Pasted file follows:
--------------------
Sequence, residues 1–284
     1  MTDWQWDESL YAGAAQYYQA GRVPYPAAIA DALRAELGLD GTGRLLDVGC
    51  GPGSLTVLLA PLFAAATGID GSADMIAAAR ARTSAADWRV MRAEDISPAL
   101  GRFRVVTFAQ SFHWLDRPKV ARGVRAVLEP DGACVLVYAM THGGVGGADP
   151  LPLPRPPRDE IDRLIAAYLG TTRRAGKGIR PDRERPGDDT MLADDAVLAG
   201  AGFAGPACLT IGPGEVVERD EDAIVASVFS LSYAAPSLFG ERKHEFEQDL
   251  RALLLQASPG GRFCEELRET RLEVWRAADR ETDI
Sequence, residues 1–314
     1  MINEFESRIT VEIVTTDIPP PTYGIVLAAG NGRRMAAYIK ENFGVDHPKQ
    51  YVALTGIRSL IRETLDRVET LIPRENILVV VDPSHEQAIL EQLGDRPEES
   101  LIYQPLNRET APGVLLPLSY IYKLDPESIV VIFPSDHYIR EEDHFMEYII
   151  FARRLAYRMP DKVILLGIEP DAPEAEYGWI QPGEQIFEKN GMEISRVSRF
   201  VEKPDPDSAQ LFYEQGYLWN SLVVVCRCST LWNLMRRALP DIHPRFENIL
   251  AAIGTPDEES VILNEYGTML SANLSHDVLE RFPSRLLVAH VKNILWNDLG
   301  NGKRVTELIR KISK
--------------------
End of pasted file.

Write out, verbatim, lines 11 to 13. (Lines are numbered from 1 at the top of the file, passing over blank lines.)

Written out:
   101  LIYQPLNRET APGVLLPLSY IYKLDPESIV VIFPSDHYIR EEDHFMEYII
   151  FARRLAYRMP DKVILLGIEP DAPEAEYGWI QPGEQIFEKN GMEISRVSRF
   201  VEKPDPDSAQ LFYEQGYLWN SLVVVCRCST LWNLMRRALP DIHPRFENIL